Premier lays out plan to deal with Economic Crisis

The Premier spent 15 minutes tonight outlining his plan to address the economic crisis in North America. We will have more on this story shortly.

Premier Campbell outlined 10 key measures during his address:

1. Unlimited deposit insurance for deposits to credit unions: The Province intends to provide unlimited deposit insurance protection on deposits to British Columbia’s credit unions effective immediately. Deposits at credit unions were formerly insured up to a level of $100,000. All credit unions in the province have deposit insurance through the Credit Union Deposit Insurance Corporation. The new protection will apply to deposits currently covered by this insurance. This brings B.C. in line with Alberta, Saskatchewan, Manitoba, PEI, and New Brunswick, which all also provide unlimited provincial deposit insurance protection. Quebec, Nova Scotia and Newfoundland cover $250,000. Ontario provides $100,000 per registered account.

2. A new pension opportunity: The Province will create a new private sector pension opportunity for British Columbians who currently have no access to a pension plan. About 75 per cent of private sector workers in B.C. currently have no access to a group pension plan. Flowing from work done with the Joint Expert Panel on Pension Standards with Alberta, in the months ahead the government will spearhead the creation of a privately financed, defined contribution plan that will be available to employers, employees and self-employed people on a voluntary basis.

3. An accelerated, retroactive personal income tax cut: There will be a five per cent personal income tax reduction retroactive to January 1, 2008. This includes the two per cent tax cut that took effect July 1 of this year as well as the planned three per cent reduction that was to take effect January 1, 2009. Taxpayers will see the retroactive benefit on their 2008 tax return. It will put an additional $144 million in the pockets of British Columbians.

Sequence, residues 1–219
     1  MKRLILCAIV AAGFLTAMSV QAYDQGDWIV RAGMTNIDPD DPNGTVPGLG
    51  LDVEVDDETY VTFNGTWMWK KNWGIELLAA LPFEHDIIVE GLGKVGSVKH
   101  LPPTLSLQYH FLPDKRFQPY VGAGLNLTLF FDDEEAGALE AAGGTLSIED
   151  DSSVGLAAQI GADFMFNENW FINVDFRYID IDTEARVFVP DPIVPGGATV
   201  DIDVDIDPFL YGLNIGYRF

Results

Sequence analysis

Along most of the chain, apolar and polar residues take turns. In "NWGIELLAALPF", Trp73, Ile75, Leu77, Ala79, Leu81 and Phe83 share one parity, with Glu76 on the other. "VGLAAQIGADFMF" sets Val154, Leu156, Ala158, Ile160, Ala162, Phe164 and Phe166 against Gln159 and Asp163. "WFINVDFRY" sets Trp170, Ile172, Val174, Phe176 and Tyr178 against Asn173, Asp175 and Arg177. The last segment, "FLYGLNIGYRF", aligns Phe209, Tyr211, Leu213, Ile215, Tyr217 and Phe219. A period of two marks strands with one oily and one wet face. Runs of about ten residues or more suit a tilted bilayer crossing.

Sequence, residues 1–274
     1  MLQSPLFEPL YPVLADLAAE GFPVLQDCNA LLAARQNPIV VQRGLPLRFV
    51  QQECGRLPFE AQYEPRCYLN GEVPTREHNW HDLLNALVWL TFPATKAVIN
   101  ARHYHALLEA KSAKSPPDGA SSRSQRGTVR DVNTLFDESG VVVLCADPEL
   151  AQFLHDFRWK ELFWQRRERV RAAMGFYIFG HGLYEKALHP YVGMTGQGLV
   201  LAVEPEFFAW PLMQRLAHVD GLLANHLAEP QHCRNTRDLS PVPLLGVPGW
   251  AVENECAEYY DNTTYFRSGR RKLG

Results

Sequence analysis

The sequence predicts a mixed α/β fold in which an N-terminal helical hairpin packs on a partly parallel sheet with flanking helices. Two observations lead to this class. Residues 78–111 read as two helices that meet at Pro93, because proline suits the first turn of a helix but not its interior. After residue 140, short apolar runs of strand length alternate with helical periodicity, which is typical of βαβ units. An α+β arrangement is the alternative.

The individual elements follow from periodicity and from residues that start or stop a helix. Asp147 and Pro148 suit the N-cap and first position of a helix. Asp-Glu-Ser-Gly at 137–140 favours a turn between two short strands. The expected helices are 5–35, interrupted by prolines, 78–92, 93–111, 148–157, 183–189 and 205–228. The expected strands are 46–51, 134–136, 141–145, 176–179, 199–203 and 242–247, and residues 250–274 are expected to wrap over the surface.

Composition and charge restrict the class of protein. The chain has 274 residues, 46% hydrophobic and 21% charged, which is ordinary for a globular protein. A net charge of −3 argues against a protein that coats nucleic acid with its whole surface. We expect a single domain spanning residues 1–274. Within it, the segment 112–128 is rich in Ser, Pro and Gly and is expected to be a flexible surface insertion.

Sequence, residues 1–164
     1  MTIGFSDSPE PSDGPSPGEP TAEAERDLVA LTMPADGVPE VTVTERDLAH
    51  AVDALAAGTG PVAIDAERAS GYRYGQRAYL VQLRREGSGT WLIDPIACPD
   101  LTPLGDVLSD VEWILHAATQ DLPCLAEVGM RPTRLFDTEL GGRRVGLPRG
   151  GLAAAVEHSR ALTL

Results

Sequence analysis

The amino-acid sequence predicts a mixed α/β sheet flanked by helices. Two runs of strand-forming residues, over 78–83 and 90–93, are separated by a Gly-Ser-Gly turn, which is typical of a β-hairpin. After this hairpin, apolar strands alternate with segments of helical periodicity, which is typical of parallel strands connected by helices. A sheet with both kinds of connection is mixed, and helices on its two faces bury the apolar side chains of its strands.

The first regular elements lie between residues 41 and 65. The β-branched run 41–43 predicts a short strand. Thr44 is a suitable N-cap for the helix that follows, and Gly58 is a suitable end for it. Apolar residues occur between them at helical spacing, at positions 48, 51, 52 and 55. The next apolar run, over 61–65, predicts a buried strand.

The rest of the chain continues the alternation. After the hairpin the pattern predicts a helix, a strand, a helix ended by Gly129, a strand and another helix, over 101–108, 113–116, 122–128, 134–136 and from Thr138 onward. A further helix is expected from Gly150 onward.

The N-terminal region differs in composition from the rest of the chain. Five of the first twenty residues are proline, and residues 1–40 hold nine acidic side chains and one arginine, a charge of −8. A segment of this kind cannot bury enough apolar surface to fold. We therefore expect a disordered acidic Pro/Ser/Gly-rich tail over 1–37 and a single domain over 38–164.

4. School property tax rebate for industry: 50 per cent of all school property taxes will be rebated to light and heavy industry to help some of B.C.’s oldest and largest employers, particularly in rural British Columbia. It will save industry about $115 million over the next three years and is on top of the approximately $24 million in annual benefits to heavy industry announced in the 2008 budget. This builds on the plan to have the lowest corporate income tax rate in Canada by 2011.

5. Accelerated tax relief for small business: Effective December 1, 2008 the small business income tax rate will be reduced to 2.5 per cent from the current 3.5 per cent. Small business income tax rates were already reduced from 4.5 per cent to 3.5 per cent on July 1, 2008 with a plan to reduce them to 2.5 per cent by 2011. This will accelerate that tax cut by two years, resulting in a 44 per cent tax cut for small business this year alone. The savings to small business will be $146 million over three years.

6. Double commission paid to business for PST and HRT collection: The Province will double the commission it pays business for collecting the provincial sales tax and hotel room tax. That will provide more than 100,000 businesses with approximately $60 million over three years and add up to $1,200 to a business’s bottom line.

7. Accelerated public infrastructure: The Province will accelerate public investments in capital infrastructure projects. Funding will focus on projects without a long lead time that will keep people employed in our construction sector.

8. 33 per cent reduction in ferry fares for December and January: The Province will fund a 33 per cent reduction of ferry fares on all routes for December and January. This is on top of the upcoming 50 per cent reduction in the fuel surcharge on ferry fees that will come into effect November 4. In addition, ferry service levels for all routes, including the Sunshine Coast will be restored. This will require a one-time, $20-million investment.

9. Rein in avoidable government spending: The Province will re-evaluate spending priorities and focus on scaling back unbudgeted increases.

10. Recall the Legislature: As a number of these measures require legislative approval, the Legislature will be recalled on November 20.

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